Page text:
Guest post by Claire Sterling, ASPCA
Since time immemorial, animals have fed, clothed, transported, protected, and entertained people in every corner of the world. The creatures who have become our pets have given us companionship, hope, and inspiration throughout the ages – they have also extended and saved human lives. So that begs the question, “What are we giving them?”
The unfortunate answer is, not nearly enough. Tragically, the animals to whom humanity owes the most – horses, dogs, cats, and farm animals – suffer from cruelty and neglect daily. But the news isn’t all grim: people are becoming more aware of this profound disconnect.
A 2011 nonprofit social-media report from Internet entrepreneur and philanthropist Craig Newmark, founder of Craigslist, indicates that animal welfare charities are among the most popular online, both in terms of posting most frequently and being most frequently discussed on social networks. Furthermore, according to the latest edition of the Giving Institute’s annual Giving USA, Animals/Environment was one of the top three fastest-growing areas of 2012 charitable giving, increasing by 6.8% over 2011 to a total of $8.3 billion. Of the $316 billion given across the board to charitable organizations in the U.S. last year, about 72% of donations came from individuals, while only 15% came from foundations.
Even within the relatively small slice of charitable dollars contributed by foundations, foundation funding for efforts to better the lives of animals is extremely limited. According to the Foundation Center’s 2011 statistics on foundation grants by subject category, grant dollars for “Animals and Wildlife” constituted only 1% of grants awarded by the largest U.S. foundations. Considering that domestic animals and wildlife are grouped into the same category, the percentage of grant dollars awarded to shelters, rescues, and other animal welfare organizations was more meager still. This can likely be explained by foundation leaders’ belief that – particularly in these tough economic times – the needs of people must take precedence over the needs of animals. But what many may not realize is that it is possible to support both simultaneously. If you’re wondering how, read on!
In the animal welfare world, it is common knowledge that our programs must be people-focused in order to succeed, and those that positively affect animals inevitably benefit people as well. However, you needn’t be an animal welfare funder to make grants that serve both animal and human members of a community. Even if your foundation’s funding priorities focus exclusively on human endeavors, you can still impact both populations. For example:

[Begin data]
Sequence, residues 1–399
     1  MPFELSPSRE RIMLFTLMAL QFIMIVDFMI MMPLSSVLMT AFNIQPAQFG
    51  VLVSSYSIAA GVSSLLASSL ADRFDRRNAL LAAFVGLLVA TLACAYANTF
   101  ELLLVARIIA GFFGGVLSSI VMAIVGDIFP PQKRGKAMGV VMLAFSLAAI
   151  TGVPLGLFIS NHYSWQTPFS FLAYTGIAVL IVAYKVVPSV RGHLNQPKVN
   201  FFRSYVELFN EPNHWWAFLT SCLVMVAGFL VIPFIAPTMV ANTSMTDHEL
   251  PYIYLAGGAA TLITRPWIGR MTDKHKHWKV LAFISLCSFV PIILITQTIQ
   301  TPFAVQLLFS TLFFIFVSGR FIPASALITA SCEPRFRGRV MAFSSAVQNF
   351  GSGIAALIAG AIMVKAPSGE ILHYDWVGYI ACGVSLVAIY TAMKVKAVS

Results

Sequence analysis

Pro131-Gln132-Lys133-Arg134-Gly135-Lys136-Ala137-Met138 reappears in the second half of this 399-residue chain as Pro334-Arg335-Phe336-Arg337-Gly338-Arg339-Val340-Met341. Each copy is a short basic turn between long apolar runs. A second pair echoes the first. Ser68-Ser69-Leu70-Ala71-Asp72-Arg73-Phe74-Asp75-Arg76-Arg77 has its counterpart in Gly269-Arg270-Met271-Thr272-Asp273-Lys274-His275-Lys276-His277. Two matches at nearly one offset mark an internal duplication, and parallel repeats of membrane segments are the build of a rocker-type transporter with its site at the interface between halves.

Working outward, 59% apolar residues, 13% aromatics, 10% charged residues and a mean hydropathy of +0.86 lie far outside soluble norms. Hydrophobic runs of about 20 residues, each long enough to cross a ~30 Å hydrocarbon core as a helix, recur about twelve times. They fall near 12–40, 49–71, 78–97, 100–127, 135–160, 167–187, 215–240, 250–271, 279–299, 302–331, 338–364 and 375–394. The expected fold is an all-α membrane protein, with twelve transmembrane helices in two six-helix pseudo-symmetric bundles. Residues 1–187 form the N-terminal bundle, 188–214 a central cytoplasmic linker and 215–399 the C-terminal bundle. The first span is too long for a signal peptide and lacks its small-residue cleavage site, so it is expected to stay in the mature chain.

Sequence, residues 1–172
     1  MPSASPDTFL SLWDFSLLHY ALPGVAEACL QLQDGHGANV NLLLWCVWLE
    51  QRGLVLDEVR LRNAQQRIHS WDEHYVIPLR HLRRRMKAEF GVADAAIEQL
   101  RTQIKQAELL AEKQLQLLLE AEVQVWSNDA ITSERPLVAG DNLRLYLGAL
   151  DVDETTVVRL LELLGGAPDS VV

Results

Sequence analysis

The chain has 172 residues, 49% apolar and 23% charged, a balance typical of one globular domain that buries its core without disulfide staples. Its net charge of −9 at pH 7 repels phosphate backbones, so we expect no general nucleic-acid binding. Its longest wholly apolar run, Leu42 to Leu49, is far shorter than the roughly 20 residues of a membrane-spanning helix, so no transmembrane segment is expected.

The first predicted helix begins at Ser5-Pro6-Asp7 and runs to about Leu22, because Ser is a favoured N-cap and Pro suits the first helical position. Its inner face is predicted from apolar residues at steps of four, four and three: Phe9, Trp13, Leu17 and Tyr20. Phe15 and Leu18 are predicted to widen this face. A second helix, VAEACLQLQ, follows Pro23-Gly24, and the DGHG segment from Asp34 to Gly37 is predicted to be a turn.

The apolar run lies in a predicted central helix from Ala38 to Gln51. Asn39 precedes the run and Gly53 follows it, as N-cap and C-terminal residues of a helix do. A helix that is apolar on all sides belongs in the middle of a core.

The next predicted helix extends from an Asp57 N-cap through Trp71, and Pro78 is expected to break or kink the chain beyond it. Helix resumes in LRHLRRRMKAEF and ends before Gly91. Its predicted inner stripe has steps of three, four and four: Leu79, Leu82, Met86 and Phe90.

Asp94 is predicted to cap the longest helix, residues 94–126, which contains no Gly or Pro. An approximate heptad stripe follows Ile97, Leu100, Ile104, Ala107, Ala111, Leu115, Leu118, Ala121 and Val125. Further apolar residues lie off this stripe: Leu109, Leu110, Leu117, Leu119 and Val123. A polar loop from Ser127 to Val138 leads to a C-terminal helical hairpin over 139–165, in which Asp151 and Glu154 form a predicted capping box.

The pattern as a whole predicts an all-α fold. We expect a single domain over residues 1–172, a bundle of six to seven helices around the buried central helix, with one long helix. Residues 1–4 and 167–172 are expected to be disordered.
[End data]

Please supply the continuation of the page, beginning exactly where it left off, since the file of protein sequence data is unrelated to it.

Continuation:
- Human services funders can support organizations that assist low-income families by providing free veterinary care and/or food for their pets, who often serve as vital sources of emotional support and would otherwise be at high risk for relinquishment. Grants can also be made to underwrite programs developed by domestic violence shelters that enable victims to bring their pets with them; it is often the case that women who are abused by their partners and have pets at home refuse to leave out of fear for the safety of those pets, who are often among the few living beings they trust.
- Education funders can provide grants to organizations that bring rescued animals to schools as part of humane education programs or to help create a more supportive learning environment for children with academic and/or social challenges; there are many stories from the field about struggling children who blossom in the presence of a friendly, non-judgmental dog or cat.
- Arts funders can support projects through which local artists create a mural or other aesthetic enhancements for a community animal shelter. Grants can also be made to support arts-related events or exhibitions that promote the human-animal bond.
- Health funders can support programs that bring rescued animals into hospitals to boost morale and facilitate recovery; in recent years, dogs and cats have been shown to improve human health and increase longevity by lowering blood pressure and aiding in healing from physical and emotional trauma.
- Funders that support organizations serving the needs of active and former military personnel and/or first responders such as police officers, firefighters, and EMTs can fund programs that pair these individuals with service dogs sourced from shelters or rescues who can help them cope with high levels of stress.
- Economic development funders can provide resources to programs that serve farmers committed to humane practices in the way animals are raised and brought to market.
In working to better the lives of animals, we better human lives as well. Building a more humane world is something we owe our fellow creatures and, ultimately, ourselves.
Guest blogger Claire Sterling is Senior Grants Manager at the ASPCA and the proud “mom” of two adopted black cat siblings, Tartufo and Tiramisu. Since 2008, the ASPCA has provided over $55 million to 2,000 different organizations for animal welfare. In 2012 alone, the ASPCA made 1,665 grants across the country totaling $17 million to improve the lives of animals.